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How Price Comparison Websites Operate Privacy Policies

By: Lucy Debenham BA (hons) - Updated: 14 Oct 2012 | comments*Discuss
Online Shopping Price Comparison

Online shopping is something most of us do regularly. What we don't always consider is our privacy. A simple registration to receive emails can actually lead to much more junk mail and phone calls that we didn’t want in the first place. Of course, online shopping is great – it saves us time, makes us think and research a little more over our purchase by visiting price comparison websites to find a good price. But does it ring alarm bells when we are asked to ‘sign-up’ or register to an online shopping site before being able to drop things into our shopping basket?

The chances are that the answer to this question is ‘no’. In the UK, the fact that we all think we are safe and secure when we do our online shopping should be of huge concern. Our personal details can be all too easily given up and handed over when confronted with the excitement of a new purchase, be it a spangly new dress or top of the range TV at a bargain price.

Data Protection in the UK

The simple fact is that you should take care when revealing personal details to anyone. This includes online shopping sites, price comparison websites, and cashback sites. Consider that almost every time you enter your details onto a website, you are providing someone somewhere with your personal information.

Personal details are always recorded. This means that in theory, the company holding the information - such as an online shopping site - can then contact you with deals, offers and send you promotional adverts after you've made your initial purchase. All personal details can easily be sold on to third parties. This means that other companies, especially online shopping sites such as insurance or price comparison websites, can then gain access to your personal information, such as email addresses and telephone numbers and pass these onto relevant businesses and advertisers.

Of course, the practice of sharing your personal information can be a little disturbing, if not downright annoying! However, there are ways and means to protect yourself. The first fundamental rule is to always ensure that you read and print out the privacy policy provided by the company. This should be made available each time you are prompted to enter your details, and should also be easily accessible on the website regardless of whether you intend to make a purchase or not. If there is no privacy policy available, then alarm bells should start ringing!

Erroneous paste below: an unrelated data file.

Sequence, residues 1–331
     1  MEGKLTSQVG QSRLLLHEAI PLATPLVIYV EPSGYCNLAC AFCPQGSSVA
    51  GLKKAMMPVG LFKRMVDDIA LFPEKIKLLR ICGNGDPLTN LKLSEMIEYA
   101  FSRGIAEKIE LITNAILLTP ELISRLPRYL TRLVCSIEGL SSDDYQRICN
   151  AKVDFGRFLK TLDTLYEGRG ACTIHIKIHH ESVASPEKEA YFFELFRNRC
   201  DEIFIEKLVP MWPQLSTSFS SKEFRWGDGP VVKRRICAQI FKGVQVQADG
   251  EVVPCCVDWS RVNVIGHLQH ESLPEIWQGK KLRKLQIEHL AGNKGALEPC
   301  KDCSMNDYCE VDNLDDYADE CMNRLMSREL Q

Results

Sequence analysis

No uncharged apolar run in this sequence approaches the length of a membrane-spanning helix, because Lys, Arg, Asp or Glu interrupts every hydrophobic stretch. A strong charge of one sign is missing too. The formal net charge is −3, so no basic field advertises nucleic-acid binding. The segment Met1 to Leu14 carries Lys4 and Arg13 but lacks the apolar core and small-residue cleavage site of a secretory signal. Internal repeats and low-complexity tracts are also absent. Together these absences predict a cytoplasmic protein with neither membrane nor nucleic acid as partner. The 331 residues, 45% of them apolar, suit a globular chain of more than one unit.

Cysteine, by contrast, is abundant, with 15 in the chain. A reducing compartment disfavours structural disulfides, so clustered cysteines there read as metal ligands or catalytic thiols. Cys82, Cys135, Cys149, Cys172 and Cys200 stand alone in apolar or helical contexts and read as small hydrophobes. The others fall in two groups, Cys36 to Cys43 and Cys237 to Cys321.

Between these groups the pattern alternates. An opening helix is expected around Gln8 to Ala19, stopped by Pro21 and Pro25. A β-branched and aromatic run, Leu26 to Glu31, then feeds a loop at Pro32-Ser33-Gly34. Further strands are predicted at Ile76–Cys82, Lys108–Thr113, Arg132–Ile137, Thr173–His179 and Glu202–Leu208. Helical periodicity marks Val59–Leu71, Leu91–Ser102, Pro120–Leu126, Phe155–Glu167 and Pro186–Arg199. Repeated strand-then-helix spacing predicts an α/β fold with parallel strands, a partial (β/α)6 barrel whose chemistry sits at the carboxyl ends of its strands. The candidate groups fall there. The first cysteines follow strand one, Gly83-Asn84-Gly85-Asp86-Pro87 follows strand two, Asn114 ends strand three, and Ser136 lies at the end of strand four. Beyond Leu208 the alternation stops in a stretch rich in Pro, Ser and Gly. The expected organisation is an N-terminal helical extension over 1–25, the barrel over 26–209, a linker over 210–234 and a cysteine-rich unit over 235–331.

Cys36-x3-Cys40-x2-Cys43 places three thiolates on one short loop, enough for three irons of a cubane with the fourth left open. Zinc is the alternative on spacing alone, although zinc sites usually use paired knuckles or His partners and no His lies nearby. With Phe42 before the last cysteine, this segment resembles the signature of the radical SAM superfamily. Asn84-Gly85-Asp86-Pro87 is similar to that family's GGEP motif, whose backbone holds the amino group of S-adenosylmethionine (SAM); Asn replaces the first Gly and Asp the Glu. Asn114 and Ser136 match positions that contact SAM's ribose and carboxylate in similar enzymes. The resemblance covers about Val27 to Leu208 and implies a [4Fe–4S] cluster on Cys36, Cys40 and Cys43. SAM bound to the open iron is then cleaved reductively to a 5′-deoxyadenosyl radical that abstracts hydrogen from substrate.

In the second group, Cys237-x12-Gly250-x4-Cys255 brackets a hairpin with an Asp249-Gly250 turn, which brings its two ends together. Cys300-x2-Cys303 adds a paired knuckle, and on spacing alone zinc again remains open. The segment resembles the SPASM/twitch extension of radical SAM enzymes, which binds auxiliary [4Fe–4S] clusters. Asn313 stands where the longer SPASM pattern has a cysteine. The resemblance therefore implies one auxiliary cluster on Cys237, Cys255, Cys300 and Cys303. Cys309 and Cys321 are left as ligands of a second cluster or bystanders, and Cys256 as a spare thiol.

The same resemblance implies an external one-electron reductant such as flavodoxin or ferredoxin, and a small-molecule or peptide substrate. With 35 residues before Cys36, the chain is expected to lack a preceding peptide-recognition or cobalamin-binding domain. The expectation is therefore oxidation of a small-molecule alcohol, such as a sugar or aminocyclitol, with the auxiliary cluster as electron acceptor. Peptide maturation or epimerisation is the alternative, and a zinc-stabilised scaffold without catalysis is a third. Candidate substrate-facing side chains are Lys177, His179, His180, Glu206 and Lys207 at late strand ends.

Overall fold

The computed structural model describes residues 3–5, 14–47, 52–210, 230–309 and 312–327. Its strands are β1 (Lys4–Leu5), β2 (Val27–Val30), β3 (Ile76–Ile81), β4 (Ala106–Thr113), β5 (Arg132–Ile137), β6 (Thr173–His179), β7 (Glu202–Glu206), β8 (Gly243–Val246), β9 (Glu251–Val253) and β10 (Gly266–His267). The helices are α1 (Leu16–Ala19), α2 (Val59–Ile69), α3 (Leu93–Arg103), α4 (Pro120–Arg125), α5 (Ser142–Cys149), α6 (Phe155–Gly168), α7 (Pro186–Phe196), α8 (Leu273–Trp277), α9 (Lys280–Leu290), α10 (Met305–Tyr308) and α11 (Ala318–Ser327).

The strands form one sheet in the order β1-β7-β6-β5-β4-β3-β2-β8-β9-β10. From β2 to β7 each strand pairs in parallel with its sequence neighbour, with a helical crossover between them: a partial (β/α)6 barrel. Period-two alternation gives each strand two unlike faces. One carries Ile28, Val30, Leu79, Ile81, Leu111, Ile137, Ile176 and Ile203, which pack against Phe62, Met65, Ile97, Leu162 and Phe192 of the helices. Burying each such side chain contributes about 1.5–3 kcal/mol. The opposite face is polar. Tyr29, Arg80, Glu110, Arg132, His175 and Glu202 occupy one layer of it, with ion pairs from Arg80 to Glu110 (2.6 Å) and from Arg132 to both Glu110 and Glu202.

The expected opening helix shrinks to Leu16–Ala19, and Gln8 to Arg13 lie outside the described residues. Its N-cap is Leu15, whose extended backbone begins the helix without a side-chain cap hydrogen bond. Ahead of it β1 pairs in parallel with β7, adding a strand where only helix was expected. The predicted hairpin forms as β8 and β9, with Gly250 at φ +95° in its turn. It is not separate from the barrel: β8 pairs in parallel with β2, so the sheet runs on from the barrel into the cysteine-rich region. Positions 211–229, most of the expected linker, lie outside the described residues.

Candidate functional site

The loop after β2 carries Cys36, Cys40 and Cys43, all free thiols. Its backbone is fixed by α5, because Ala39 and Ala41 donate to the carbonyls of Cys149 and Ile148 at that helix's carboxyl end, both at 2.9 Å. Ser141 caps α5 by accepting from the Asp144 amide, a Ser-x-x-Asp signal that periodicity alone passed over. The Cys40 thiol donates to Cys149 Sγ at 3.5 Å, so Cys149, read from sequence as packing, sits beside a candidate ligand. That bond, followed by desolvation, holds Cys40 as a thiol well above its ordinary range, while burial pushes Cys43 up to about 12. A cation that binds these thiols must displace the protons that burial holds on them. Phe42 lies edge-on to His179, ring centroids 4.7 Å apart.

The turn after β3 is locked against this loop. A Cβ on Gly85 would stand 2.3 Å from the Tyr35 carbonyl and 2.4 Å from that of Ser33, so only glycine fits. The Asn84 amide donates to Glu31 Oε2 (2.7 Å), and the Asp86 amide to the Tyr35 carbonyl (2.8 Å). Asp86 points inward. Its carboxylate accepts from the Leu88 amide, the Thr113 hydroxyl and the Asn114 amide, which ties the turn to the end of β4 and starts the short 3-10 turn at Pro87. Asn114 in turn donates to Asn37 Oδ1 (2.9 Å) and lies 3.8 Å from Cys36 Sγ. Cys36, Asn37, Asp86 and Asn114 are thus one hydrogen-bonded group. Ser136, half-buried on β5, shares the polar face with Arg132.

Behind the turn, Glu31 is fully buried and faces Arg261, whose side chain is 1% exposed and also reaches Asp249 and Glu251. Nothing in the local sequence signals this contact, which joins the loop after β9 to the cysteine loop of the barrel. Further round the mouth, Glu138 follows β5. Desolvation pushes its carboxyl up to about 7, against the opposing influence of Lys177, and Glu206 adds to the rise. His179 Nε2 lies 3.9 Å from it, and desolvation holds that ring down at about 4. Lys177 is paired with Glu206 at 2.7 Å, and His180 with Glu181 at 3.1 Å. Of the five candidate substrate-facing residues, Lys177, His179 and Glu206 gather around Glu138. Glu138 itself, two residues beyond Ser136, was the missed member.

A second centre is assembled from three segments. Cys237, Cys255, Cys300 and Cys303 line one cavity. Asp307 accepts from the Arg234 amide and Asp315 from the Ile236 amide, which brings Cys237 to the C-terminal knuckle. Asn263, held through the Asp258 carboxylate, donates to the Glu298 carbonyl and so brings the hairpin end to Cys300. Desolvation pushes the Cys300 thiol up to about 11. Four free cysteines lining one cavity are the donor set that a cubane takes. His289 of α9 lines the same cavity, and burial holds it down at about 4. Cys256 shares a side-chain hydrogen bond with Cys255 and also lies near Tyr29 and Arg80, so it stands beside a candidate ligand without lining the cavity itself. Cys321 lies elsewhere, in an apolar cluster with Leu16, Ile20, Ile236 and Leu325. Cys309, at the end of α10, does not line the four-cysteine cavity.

You must be vigilant and check every single little bit of print – read the text, check or uncheck the tick boxes and ensure that the information you are adding to the registration or sign up form is the information you want to distribute. So whilst it’s tempting to register to an online shopping site quickly to complete your purchase, check the company's privacy policy (often found in a ‘legal’ link at the bottom of the page) while you still have the online shopping site on the screen.

Bear in mind that there is a high chance that unless you are signing up to company websites that you truly know and trust, your details will be passed on to other companies. Being careful about the boxes you tick and the information you give can mean much less junk through your door and a few less random sales calls.

Other Points to Consider

Always ensure that the ‘selection’ boxes are not already ticked for you – some websites will have checked a box so that you have to uncheck in order to opt out of certain agreements. These usually include passing on your details to third parties, or contacting you about future deals and offers. One popular tactic is to carefully word each selection - so where one option asks you to check the box if you DO want to receive certain information, the next option may require you to leave the box unchecked to do the opposite. Consider that some companies may rely on users not double checking the privacy boxes before clicking the send button.

Also bear in mind that when you click the send or submit button on a price comparison website, you can be directed to an external affiliated website. The likelihood is that this is a completely different website, where any privacy policy you previously adhered to is not relevant. Be VERY aware of this, your privacy may be assured on one site but just one click to another similar site and the agreement that you just filled in is null and void.

Therefore one sound piece of advice is to be careful with your information – try to limit the amount of registrations you make, and also the amount of times you provide your personal details. If you ever feel that your personal data has been passed on without your permission, you can try collating information about the advertising you're receiving as a result. If you need to contact the company in question, write or email and request a copy of any privacy policy that was provided.

Be it online shopping news, email updates or sales letters, any good company within the UK has to adhere to privacy and data protection laws and should tell you what they intend to do with your personal data. Remember that you are within your rights to request what details any company is holding. If you are ever in position where you need to do this, always keep a copy of the original letter in case of no communication, and alert trading standards if you suspect something is amiss.

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